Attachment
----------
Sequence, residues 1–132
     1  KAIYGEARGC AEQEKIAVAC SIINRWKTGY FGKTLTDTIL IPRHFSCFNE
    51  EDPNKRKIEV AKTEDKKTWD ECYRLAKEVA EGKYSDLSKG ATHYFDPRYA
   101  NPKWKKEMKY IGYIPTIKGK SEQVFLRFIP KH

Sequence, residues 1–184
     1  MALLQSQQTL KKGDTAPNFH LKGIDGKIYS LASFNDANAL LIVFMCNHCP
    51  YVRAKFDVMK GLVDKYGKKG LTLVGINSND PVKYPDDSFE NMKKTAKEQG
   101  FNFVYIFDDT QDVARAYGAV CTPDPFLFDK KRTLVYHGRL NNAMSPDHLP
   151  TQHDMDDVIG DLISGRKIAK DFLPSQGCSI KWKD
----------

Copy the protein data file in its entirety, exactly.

Sequence, residues 1–132
     1  KAIYGEARGC AEQEKIAVAC SIINRWKTGY FGKTLTDTIL IPRHFSCFNE
    51  EDPNKRKIEV AKTEDKKTWD ECYRLAKEVA EGKYSDLSKG ATHYFDPRYA
   101  NPKWKKEMKY IGYIPTIKGK SEQVFLRFIP KH

Sequence, residues 1–184
     1  MALLQSQQTL KKGDTAPNFH LKGIDGKIYS LASFNDANAL LIVFMCNHCP
    51  YVRAKFDVMK GLVDKYGKKG LTLVGINSND PVKYPDDSFE NMKKTAKEQG
   101  FNFVYIFDDT QDVARAYGAV CTPDPFLFDK KRTLVYHGRL NNAMSPDHLP
   151  TQHDMDDVIG DLISGRKIAK DFLPSQGCSI KWKD